In the past few years Vietnam has opened its doors to the world and much has changed. Today, in one of the world’s last communist countries, the motorcycles and western dress of the industrious youth happily co-exist with orange-clad Buddhist monks and political posters from a different era. Visitors are invariably impressed by the development of excellent hotels and services in all the major centres and the much-improved road network. Hanoi and Saigon still retain a French flavour in their pavement cafés, architecture and wide tree-lined boulevards. In Hue, the former imperial capital, we see the amazing Citadel and its imperial Forbidden City, modelled on Beijing. Contorted by years of erosion, we’ll also explore the staggeringly beautiful rock formations of Halong Bay, a UNESCO World Heritage site.
But Vietnam is more than just history and scenery. It also boasts a world-class gastronomic heritage: a delicious fusion of Malay, Chinese and Thai cuisines. With plenty of French-run restaurants thrown in for good measure, all at excellent prices, you really are in for a treat! The Vietnamese themselves are a wonderfully friendly people, always smiling, courteous and proud to show off their beautiful country to all.
Our tour in Cambodia includes a stay in the capital, Phnom Penh. Beautifully located at the confluence of the Mekong and Tonle Sap rivers, Phnom Penh, with its vibrant riverside ambience, is one of the ‘hidden gems’ of Asian cities. After being virtually completely depopulated during Pol Pot’s regime, the city is now full of life and thriving once more. A short flight away is the town of Siem Reap, the gateway to the incredible complex of temples within the ancient city of Angkor. At its height in the thirteenth century, Angkor had a staggering one million inhabitants, larger in area than Manhattan. It was the capital of the fabulously wealthy Khmer Empire that stretched from Thailand, through Laos and Cambodia to southern Vietnam. The incredible state of preservation, the beauty of its design and artistry of its sculptures have, for many, made Angkor one of the great wonders of the world.
Vietnam and Cambodia are countries in flux, but bicycles and mopeds still outnumber cars by 100 to 1, so now is the time to visit these most fascinating and colourful destinations, whilst so much of their unique character and traditions are still in evidence!
The price of this holiday is per person, based on two people sharing a twin room; thirteen nights on bed and breakfast in four and five-star hotels, five lunches; all flights as mentioned; all transfers; guided tours of Hanoi, Halong Bay cruise, Hue, Saigon, Cu Chi tunnels, Mekong Deltaand Phnom Penh, plus one-day entrance and guided tour of Angkor; hotel porterage of one item of luggage per person; the services of a Riviera tour manager.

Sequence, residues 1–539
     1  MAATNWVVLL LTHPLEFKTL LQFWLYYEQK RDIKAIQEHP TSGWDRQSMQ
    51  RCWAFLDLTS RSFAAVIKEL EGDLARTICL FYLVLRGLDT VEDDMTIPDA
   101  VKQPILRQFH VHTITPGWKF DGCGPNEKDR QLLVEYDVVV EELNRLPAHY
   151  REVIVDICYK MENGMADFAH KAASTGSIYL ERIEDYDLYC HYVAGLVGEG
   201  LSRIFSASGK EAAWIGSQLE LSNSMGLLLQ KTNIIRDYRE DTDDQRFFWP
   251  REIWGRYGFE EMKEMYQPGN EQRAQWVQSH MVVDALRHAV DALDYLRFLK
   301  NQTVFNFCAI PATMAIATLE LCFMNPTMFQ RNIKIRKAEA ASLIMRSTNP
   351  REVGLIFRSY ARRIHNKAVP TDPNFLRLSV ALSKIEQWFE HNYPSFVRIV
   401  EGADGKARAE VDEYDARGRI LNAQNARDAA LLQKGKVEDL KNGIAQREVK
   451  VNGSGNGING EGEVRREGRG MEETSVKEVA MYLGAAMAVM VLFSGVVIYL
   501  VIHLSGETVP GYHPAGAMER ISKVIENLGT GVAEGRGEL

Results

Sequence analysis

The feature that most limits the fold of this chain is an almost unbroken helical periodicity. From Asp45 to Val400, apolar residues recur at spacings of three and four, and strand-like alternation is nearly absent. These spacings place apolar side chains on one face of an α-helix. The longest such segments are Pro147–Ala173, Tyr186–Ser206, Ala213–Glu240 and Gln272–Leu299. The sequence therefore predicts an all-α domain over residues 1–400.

Not included: Vietnamese and Cambodian visas.
Cambodian visa: British Passport holders do require a visa for travel to Cambodia. You are able to obtain a visa on arrival in Phnom Penh airport, upon completion of a simple application form and payment of US$30 per person. You will need to take two passport-sized photos with you. If you arrive without photos there is an extra charge of around $2 per person to have them taken at the airport.
Visas for Cambodia may also be arranged and paid for online prior to departure. Please go to http://www.cambodianembassy.org.uk for further details.
Please note all visa costs are non-refundable and subject to change without notice.
Vietnamese visa: British Passport holders no longer require a visa to enter Vietnam up to 30th June 2017. You are required to have at least 6 months’ validity on your passport from the date you are due to return home and that you must leave 30 days between exit and re-entry into Vietnam. Each visit can be no longer than 15 days. If you have a different type of British nationality – for example ‘British National (overseas)’, you’ll need a visa before entering Vietnam. For further information of it you are unsure please contact the reservations team or visit https://www.gov.uk/foreign-travel-advice/vietnam/entry-requirements
Whilst care has been taken to ensure that the information provided relating to visa requirements is true and correct at time of publication, changes in requirements after the time of publication may impact on the accuracy of this information. Therefore, whilst we strive to provide the most up-to-date information, we strongly suggest that you re-confirm requirements with the relevant embassy prior to application.
Health: Whilst the travelling schedule shall pose no problems for people of any age in normal physical health, we would point out that in visiting a number of historical sites, paths may be uneven and we often enjoy walking tours of the main sights, therefore this holiday may not be suitable for clients of greatly impaired mobility. In the tropics temperatures and humidity levels are quite high for most of the year. Please consult your GP regarding the appropriate inoculations required for Vietnam & Cambodia at least a month before departure.